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Lamron. (Geneseo, N.Y.) 1972-1973, September 15, 1972, Image 4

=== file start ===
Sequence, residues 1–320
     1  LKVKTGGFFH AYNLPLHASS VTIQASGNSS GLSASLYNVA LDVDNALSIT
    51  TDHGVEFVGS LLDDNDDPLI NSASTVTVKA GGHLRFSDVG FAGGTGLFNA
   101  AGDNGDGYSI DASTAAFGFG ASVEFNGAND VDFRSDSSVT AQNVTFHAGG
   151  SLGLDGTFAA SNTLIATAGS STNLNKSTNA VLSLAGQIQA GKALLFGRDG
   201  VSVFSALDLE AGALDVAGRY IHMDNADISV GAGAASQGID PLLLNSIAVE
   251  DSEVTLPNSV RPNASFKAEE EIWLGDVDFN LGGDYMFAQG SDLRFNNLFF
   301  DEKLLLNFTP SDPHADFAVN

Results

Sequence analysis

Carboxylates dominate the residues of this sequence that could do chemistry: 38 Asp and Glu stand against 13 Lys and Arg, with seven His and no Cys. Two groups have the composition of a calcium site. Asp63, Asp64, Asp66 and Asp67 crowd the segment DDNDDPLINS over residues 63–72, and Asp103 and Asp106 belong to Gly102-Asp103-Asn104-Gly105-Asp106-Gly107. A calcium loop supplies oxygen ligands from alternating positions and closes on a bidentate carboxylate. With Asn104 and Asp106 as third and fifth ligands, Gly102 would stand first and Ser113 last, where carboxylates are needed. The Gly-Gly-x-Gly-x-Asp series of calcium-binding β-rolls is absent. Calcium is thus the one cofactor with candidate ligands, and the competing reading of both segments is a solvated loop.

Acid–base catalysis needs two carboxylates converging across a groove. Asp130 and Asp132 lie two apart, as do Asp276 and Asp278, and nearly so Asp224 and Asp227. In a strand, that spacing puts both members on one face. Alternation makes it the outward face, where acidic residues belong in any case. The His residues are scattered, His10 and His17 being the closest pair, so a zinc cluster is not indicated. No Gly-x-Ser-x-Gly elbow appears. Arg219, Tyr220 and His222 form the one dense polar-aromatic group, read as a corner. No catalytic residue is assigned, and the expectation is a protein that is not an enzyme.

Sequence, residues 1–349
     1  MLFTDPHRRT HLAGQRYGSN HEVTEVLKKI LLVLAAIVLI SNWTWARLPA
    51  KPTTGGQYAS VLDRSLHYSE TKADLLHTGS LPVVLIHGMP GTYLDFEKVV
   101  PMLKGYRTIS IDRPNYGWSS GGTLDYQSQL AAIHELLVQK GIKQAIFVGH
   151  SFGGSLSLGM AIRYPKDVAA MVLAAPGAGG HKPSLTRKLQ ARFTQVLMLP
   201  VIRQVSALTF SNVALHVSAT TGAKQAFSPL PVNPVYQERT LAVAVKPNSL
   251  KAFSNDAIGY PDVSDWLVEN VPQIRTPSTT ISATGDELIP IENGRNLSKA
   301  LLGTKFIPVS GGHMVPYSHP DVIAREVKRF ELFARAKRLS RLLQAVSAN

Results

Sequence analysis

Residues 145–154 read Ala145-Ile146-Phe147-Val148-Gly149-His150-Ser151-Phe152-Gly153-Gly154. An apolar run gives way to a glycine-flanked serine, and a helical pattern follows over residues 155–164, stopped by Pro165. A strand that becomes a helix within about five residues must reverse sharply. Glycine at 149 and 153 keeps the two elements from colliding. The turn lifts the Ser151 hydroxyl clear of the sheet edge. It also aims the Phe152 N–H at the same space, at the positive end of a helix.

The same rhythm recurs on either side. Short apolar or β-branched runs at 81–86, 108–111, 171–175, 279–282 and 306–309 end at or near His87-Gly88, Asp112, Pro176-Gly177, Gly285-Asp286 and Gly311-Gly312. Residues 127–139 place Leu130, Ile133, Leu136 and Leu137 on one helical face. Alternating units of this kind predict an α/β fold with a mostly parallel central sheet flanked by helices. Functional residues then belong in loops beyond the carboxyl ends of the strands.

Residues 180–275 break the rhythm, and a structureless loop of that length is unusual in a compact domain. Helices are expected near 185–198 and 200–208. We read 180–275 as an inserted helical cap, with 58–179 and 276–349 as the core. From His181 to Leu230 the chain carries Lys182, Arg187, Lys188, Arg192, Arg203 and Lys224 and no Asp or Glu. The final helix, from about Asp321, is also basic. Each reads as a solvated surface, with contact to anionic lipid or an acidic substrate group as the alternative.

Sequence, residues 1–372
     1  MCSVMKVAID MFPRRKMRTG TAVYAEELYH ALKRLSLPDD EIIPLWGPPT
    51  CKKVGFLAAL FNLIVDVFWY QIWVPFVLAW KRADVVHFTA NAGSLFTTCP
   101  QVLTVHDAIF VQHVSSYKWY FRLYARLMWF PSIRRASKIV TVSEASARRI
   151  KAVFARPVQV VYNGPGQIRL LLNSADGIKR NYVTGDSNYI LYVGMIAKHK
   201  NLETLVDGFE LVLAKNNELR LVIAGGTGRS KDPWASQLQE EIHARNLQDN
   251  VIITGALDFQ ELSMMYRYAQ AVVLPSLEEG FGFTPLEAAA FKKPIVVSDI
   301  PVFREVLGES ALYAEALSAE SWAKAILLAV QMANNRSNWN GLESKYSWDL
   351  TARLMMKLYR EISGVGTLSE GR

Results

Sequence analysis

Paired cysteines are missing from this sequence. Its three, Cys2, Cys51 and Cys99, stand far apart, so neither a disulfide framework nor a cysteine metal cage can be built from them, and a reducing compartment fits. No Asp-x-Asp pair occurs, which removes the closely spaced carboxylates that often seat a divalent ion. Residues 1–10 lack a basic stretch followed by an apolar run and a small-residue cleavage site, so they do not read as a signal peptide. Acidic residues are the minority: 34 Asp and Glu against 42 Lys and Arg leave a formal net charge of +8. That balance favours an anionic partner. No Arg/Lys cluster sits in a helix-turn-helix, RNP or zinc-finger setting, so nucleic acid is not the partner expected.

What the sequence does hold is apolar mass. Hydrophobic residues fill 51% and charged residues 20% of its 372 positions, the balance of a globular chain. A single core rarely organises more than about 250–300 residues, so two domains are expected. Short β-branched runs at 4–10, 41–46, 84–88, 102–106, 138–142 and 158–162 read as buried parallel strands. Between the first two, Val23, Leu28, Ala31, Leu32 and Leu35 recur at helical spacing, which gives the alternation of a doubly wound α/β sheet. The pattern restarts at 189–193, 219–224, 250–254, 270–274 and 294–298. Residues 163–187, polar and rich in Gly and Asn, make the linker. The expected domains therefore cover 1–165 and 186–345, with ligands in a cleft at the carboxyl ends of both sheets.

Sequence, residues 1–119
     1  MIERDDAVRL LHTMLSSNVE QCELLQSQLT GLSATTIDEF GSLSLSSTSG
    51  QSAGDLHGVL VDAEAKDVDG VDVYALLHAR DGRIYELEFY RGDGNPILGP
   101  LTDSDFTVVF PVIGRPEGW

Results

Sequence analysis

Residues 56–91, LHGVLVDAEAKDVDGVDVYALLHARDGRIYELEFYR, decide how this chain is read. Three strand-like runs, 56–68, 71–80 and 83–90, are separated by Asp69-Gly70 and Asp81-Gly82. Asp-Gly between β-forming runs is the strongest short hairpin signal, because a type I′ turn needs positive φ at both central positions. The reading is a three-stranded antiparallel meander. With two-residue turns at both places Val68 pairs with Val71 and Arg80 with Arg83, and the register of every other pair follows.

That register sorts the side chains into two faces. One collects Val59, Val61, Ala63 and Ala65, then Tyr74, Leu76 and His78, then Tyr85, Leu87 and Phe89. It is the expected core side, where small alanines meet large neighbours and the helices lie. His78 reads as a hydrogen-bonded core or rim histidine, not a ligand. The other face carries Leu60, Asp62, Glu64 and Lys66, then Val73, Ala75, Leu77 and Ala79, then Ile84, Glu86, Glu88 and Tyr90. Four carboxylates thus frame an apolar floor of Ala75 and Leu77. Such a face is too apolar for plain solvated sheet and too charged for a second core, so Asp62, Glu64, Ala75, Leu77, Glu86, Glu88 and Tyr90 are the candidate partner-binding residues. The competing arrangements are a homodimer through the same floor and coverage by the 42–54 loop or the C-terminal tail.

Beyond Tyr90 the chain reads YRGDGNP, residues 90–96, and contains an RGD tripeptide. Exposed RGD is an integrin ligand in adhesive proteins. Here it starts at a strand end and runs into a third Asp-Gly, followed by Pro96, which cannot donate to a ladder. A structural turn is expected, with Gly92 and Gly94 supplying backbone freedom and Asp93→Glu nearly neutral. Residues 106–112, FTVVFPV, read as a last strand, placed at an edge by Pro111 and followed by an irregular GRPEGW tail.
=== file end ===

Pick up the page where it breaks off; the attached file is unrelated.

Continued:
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Geneseo Lamron SUC Geneseo, N.Y. Friday, Sept. 15, 1972 Page 3 E d i t o r i a l As Geneseo college students, we all share a large number of realities. Nearly all of us are away from home, midly in­ dependent of our parents, and are now responsible for our actions. If we live in a dormitory, we depend upon dining hall or snack bar food for, the majority of our nourishment. We are also here to receive an education in something that, hopefully, will enhance our chances of having a decent future. This education becomes our re- sponsibi lity. In college, there is no one to make sure you do your homework or attend classes, It you do not do well, it is you that has caused your own demise. Education is the single most important thing that all of us are here for. -All else should be secondary. Theoretically. I magi ne how much wasted time, space and effort is expended in making sure dormitory rules are made and enforced. Considering the fact that the primary reason for Geneseo State's existence is an educational one, there is an incredible amount of ti me spent in decidi ng such absurdities as alcohol policies and visi­ tation. The idea of a group of people deciding for another group of people what a good portion of their lifestyle shall be is absolutely ridiculous when you consider the fact that W'eare trjsted with our own future in our education, the two most obvious ab­ surdities are tbe concept of limited visitation and that of curfew for the group that obviously needs more protection from the evils of Geneseo than anyone else, the freshman girl. First, let us consider the antiquated topic of limited visitation. This system is based on the idea that young adults are not mature enough to decide for themselves how long they wish to v isit with a member of the opposite sex. The sys- em forces upon those who are 'old' enough to decide for themselves when to say goodbye to thei r visitor, an unfair situation brought on by a 9roup of immature people who feel that they must be told what to do. The question we raise here is ,S: If a young man or woman sees a member of the opposite sex after the totally arbitrary time chosen by the lives of others, which you really have no right at all to do. If if is your own personal conviction that members of opposite sex should not oa allowed in or near your room after a certain hour, use your door, not your vote. The truth of the matter is that there should not even be a question in anyone's mind about limiting the hours that your home is open to your friends. It is not as if anyone is giving you housing out of the goodness of their heart, you are paying very well for your place, and there should be no doubt that you can do as you wish (providing it does not mean destruction or disturbing others). The next thing to consider about visitation is the idea of disturbing the roommate. Besides the fact that both mates are generally fairly well acquainted, can talk, and can make some sort of a r r a n g e m e n t s w h e n necessary, having members of the opposite sex or members of the same sex (upon which, to our knowledge there are no rules) really makes little difference. There is an in­ congruity here. If there is a roommate hassle, how could a vote against 24 hour visitation for the rest of the people in the dorm even enter into the situation? To put it another way, the in­ dividual really should not try to force his lifestyle, which may be limited, onto a person who wishes to live in another way. The only real way of solving the probfem is by allowing the 24 hour open policy, and making your own decision for your own life. As for that leftover called curfew for the freshman woman, which is obviously lingering from the time when all women had hours for their own protection, we don't even know what to say. Besides being a perfect example of what the W o m a n 's L ib e r a t io n Movement has every right to scream about, I do not un­ derstand why it is the fresh­ men that are lucky enough be oppressed. The only possible reason we can come up with is that we all forget the situation as soon as we are no longer connected with it. The Lamron invites the person or persons respon­ sible for the maintainance of the ancient custom to respond, or better yet to stop Movies The Learning Tree Midnight In Mojo Shaft Saturday 7:30 A 9:45. 50c with I.D. and Fee card. Wads­ worth Auditorium Alice’s Restaurant Wed. 8-15, Newton 202, 25c. , their dorm-mates, is this promiscuity? This situation should not even need to be discussed. It seems to us that voting against 24 hour visitation, is voting to limit the practice (right now). The only way we can achieve any of the change that is long since overdue is to communicate with the people who can do something. The Lamron would like to become the forum for future com­ munication. Students, ad­ ministrators, please com­ municate your thoughts by writing Visitation - Hours, Lamron, CU, Box 42. (Continued from Page 1) segment, the audience went wild, again, when they sang a medley of Beach Boys hit songs. The group dressed as the Mouseketeers and of course everybody reverted back to their Mickey Mouse memories. This segment consisted mostly of singing songs of the mid-sixties featuring songs of the Beach Boys and Jan and Dean. Everybody knew the songs and everybody sang along. The fourth and last set was probably the best, if any set can be said to be superior to the others. It was the 50's, the greased-back hair, the leather jackets, the sun­ glasses, skin-tight jeans, bobby socks, pig tails and of course appropriate slang. Jason was fantastic. Jason created an entire atmos­ phere with each different era. Their material was hys­ terical and definitely appro­ priate to fit in with everything else involved to create the mood. If you missed Jason, you surely missed the best entertain­ ment that I have seen on this campus. « Helene Siskind Letters to 1 Dear Editor, I am speaking in behalf of us car parkers in Lot \J\ who have been showered with tickets because security didn't know that a parking lot can only hold a limited number of cars. What else can we do but park along the curbs, in the field or in the so-called \reserved\ area (which I think is asinine to have a vacant area when the students are in sore need of a parking place?) It is ex­ tremely poor planning on your part and has caused us much aggravation. You must have reaped a sizeable income. Would you be so kind as to expand our parking lots now? And to you, AAr. Hewitt, if you weren't so obnoxious and righteous, we would have treated you with re­ spect. Because you would not listen to us to begin with, how else could we react to you? Is it your feeling that your position gives you a right not to level with us? You're not my idea of a fair administrator. Gerry Bateman Dear editor: Many of the mass- circuiation periodicals have been doing George Mc­ Govern great injustice by painting him as a radical. Far from aiming to destroy the system, AAcGovern will continue to be a staunch supporter of the system. Why doesn't the press point out the positive side of his voting record? First, let's clear up the misrepresenta­ tion of McGovern as a con- sistant civil-libertarian: (Numbers refer to year and bill number. Facts taken from Congressional Quar­ terly and other sources to be cited at end of this letter). (We are anxious to hear replies from our opponents). 67-S150 Voted to approve Senate study \to investigate the immediate and long­ standing causes of riots and means of preventing them and preserving law and order.\ 68-HR 2516 Voted for amendment making it a federal offense to travel i n or use the facilities of interstate commerce to incite a riot.. 68-S917 Voted for amend­ ment to disqyalify from federal- employment for 5 years persons convicted of a felony related to a riot. 6r-S917 Voted for the \Ominbus Crime Bill of 1968\ 68-S379 Voted to cite Jeff Fort, leader of Blackstone Rangers, for contempt ot Congress. he Editor Dear Editor: I wish to take this op portunity to thank the crowd for their patience during the outdoor concert last Saturday evening. I feel that they deserve an explanation of the apparent technical inadequacies that look place. We had intended to in­ tegrate our sound system with McKendree Spring's and wind up with totally excellent fidelity. Un­ fortunately, their PA was not functioning properly at that juncture and so at the last minute we had to rewire the whole sound layout. This explains our late start. Between Berceuse and T. Rocket we had a huge malfunction in our multi­ cable, which had just been purchased and installed within the last month. Here our major failure was lack of organization on stage — for this we apologize — however, our actions were designed to try to get the concert going again as soon as possible. As we had a major failure in our PA system, we were able to get McKendree's PA working once again and switched to theirs for their set, but this took a long time to accomplish. All we can say is that it was done as quickly as humanly possible. The malfunctions in our PA system are inexcusable in that it had just come back Tuesday from the shop, where it had undergone extensive testing and revitalization. I assure you that the manufacturer will soon learn of our dissatisfaction with his work and will have it working perfectly in the very near future. Thanks again for your patience. ~ James S. Gray Student Director of Tech. Service 68-HR 18037 Voted tor amendment to allow institu­ tions of higher learning tc cut off federal aid to students convicted of crime against institution if student's ac- tion(s) contributed to \substantial disruption\ of institution. 70-HR18583 Voted for Drug Control Act of 1970 — complete with \no-knock\ provisions. (Also voted for similar 70-S3246). 7 0-HR17825 Voted for Crime Control Authorization Act of 1970. To be continued